Saturday and September's finale bring a 100th birthday salute to the man more than a few humans believe to be the single greatest drummer ever to live.
It's really very rare to be able to say something like that; it almost always crosses into hyperbole. The greatest drummer? You could get a different answer on that question from 100 different people... the drums are such a ubiquitous instrument, after all, and so many have played them so well and so memorably.
Yeah, that's nice. Everyone has a favorite skinsman, nothing unusual about taste. One thing though: anyone's favorite drummer they could name might well name today's centurion as theirs. He's as influential a player on any instrument as any person in the history of music.
Gosh I am happy with bold statements this morning, aren't I? The history of music? Any instrument??? Wow... there must be Goof Juice in my chocolate milk, eh? But hang on.
The truth is he's long dead for thirty years now, but even deceased he could find fifty kids in the park that could play better than you... and that's without a rhythm section! I believe the words are "Get outta my fuckin' bus!" He'll take you as far as Detroit, and you got it. And a right to your brain, if you want it.
Nope, today's birthday boy did not mess around, nor did he suffer the fools of life gladly. There was probably never a more irascibly committed bandleader in the annals of 20th century lore. He heard every mistake, and would dress you down for clams you didn't even play. We know this because there are recordings of his animated displeasure, from various and sundry tour buses of the late 1970s and early 1980s.
Those bus tapes -- surreptitiously made by his band members -- of him viciously deriding them for onstage miscues are probably the most legendary -- and legendarily hilarious -- items traded and laughed about amongst musicians, even to this day. This is not someone on whose bad side you wanted to tread, trust me... in addition to his batterie skills, he was also a Black Belt in Karate.
He began playing spoons at age one, and his parents (entertainers in their own right) thankfully got him onto the drums as a small child. By age 11 he was leading a big band. By age 20 in 1937, when his career really took off, he was already among the most in-demand players of all time.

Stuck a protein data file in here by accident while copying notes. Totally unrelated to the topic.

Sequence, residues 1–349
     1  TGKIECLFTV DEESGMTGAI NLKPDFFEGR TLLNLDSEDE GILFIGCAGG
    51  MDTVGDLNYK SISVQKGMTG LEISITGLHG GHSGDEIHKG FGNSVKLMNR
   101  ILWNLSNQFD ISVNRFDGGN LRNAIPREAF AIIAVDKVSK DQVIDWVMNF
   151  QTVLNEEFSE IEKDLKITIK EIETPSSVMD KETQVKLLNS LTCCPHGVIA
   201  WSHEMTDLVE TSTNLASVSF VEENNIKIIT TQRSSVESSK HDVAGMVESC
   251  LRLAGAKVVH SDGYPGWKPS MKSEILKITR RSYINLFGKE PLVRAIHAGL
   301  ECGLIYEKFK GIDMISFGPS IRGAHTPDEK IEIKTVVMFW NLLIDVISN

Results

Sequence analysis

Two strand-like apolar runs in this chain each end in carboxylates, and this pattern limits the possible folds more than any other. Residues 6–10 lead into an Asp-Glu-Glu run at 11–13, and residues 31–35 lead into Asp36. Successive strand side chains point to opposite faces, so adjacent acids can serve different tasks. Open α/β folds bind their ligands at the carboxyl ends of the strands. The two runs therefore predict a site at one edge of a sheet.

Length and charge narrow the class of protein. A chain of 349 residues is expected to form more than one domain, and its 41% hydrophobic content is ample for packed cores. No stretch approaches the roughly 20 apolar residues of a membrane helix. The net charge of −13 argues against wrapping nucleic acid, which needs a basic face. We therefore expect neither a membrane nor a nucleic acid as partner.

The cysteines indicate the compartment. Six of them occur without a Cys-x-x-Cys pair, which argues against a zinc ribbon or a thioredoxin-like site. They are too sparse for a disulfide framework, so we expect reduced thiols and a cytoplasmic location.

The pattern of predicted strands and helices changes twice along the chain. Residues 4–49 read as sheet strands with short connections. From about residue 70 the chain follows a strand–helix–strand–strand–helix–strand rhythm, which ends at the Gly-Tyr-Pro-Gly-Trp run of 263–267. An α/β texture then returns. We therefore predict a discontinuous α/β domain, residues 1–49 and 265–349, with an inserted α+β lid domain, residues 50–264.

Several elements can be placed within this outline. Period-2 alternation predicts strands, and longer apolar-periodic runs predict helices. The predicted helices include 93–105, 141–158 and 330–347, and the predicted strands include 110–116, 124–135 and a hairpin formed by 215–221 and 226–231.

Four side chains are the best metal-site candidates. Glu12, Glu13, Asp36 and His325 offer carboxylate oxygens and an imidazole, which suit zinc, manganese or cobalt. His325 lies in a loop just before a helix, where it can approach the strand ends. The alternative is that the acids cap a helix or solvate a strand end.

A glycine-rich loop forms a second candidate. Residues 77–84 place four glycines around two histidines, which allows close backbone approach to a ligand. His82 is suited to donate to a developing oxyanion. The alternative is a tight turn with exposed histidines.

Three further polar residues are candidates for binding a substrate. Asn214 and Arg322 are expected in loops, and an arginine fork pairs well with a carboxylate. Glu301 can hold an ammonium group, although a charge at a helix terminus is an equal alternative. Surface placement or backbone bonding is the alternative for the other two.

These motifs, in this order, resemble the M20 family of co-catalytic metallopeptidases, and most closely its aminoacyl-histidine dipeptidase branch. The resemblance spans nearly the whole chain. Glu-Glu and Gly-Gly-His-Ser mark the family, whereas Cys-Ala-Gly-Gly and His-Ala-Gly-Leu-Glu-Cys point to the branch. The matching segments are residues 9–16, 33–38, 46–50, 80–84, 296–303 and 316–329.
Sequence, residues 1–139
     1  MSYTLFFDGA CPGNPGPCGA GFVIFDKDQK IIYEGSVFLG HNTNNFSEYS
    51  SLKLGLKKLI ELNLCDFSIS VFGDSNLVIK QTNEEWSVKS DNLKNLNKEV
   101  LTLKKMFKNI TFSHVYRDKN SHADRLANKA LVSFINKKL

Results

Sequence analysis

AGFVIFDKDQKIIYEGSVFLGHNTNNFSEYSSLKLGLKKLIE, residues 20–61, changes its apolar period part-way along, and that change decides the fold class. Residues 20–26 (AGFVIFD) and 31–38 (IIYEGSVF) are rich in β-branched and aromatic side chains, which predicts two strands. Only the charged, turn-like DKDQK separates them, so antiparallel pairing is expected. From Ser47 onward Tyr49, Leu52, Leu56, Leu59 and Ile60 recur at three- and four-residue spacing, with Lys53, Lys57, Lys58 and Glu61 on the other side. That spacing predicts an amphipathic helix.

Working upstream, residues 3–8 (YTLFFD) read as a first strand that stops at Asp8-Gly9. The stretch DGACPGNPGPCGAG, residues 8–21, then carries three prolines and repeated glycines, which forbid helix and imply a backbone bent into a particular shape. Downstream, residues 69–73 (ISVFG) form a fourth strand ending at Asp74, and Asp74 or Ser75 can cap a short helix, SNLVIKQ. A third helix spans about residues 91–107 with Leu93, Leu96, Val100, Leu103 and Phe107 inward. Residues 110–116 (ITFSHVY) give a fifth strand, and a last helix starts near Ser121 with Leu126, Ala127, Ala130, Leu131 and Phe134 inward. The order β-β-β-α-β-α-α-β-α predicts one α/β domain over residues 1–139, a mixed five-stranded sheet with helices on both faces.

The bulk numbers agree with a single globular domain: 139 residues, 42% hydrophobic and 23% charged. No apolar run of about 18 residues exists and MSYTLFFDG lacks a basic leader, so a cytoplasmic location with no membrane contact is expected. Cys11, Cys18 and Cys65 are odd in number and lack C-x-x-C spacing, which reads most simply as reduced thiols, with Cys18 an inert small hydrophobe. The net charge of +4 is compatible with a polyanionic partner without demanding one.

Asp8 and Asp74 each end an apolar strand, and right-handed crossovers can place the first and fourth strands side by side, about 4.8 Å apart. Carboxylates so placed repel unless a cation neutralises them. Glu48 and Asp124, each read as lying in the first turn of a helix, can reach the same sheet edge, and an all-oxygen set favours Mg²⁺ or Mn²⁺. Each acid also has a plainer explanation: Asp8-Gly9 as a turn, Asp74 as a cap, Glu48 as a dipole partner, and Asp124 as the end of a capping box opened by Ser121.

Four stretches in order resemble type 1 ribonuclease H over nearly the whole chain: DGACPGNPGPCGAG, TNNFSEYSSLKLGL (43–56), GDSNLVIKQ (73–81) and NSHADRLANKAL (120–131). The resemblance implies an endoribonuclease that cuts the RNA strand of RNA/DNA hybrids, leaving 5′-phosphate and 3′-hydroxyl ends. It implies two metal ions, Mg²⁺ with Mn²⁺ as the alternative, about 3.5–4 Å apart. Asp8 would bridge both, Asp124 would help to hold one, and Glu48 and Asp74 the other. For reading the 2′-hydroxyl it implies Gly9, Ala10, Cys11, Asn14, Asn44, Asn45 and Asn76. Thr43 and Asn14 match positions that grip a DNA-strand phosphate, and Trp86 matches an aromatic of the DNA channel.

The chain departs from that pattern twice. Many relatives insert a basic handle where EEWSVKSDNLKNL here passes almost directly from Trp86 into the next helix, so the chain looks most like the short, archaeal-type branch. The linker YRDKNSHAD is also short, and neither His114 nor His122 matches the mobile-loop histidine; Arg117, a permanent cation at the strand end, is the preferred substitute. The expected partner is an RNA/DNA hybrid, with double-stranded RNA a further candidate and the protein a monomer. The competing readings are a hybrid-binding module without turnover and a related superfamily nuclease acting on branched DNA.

Over his roughly 50 years as a professional musician, he helped codify the entire modern vocabulary of his instrument, and is responsible for technical innovations drummers will employ forever. His ultra-high-energy approach is not just the inspiration for a million human drummers... he is also the basis of Animal from The Muppet Show.
His life would make a crazy movie or documentary or twelve. Let's just say there's never gonna be another drummer -- or person, for that matter -- quite like Buddy Rich.
It's almost impossible to believe he is 100 years old today, or that he has indeed been gone from us for three decades already. It's pretty obvious his influence will go on for a whole lot of centuries.
To honor the special centenary day of this beloved beatsmith, I've got a couple of rare Buddy Movies for you this morning. One was taped for Norwegian TV in 1970 and the other for Danish TV in the mid-1980s, towards the end of Buddy's run. Both were captured as HD webstream rebroadcasts and feature the Maestro driving a large ensemble to feverishly swinging heights of expression, as was his norm.
Buddy Rich Orchestra
Newport Jazz Festival '70
01 Norwegian Wood
02 Basically Blues
03 Preach and Teach
Total time: 18:58
Richie Cole, Jimmy Mosher - alto saxophone & flute
Pat LaBarbera, Don Englert - tenor saxophone & flute
Joe Calo - baritone saxophone
Joe Giorgianni, John Madrid, John DeFlon, Ernie Jones, Danny Hayes - trumpet & flugelhorn
Rick Stepton, Jim Trimble, Tony Lada - trombone
Dave MacRae - organ
Rick Laird - bass
Buddy Rich - drums
FLV file of a digital broadcast from the NRK-TV site
Buddy Rich Big Band
Copenhagen Jazz Festival
01 Drum Intro
02 Basically Blues
03 Love for Sale
04 ‘Round Midnight
05 Winding Way
06 In a Mellow Tone
07 Groovin' Hard
08 Bugle Call Rag
Total time: 40:54
Paul Phillips, Eric Miyashiro, Michael Lewis, Joe Kaminsky - trumpet & flugelhorn
Scott Bliege, James Martin, Michael Davis - trombone
Mark Pinto, Bob Bowlby - alto saxophone & flute
Brian Sjoerdinga - tenor saxophone & flute
Steve Marcus - tenor & soprano saxophones
Jay Craig - baritone saxophone
Bill Cunliffe - piano
Dave Carpenter - electric bass
Buddy Rich - drums
FLV file of a digital web rebroadcast from Denmark
both shows zipped together
748 MB FLV/September 2017 archive link
Watchers will watch out for keyboards heavyweight Dave MacCrae -- later of several Jazz-Rock bands like Matching Mole and Soft Machine -- and soon-to-be Mahavishnu bassist Rick Laird in the 1970 set, and super sax whiz Steve Marcus from Fusion heroes Count's Rock Band in the 1986 one.
That'll do it for September for me... stay tuned for a wild October as we celebrate the fourth -- yes, it's been four years already! -- anniversary of this page. There'll be a 100th birthday tribute -- the second in ten days -- as well as some really strange treats coming out of the cloud like a surreal autumn rain.
But for now I'd suggest you check into these old TV shows and recall precisely how much dominion over modern drumming the astonishing Buddy Rich -- born this day in 1917! -- still enjoys over the percussionists of the present. See? He tries to talk to you like a human being, but you talk back all the time!!!--J.
9.30.1917 - 4.2.1987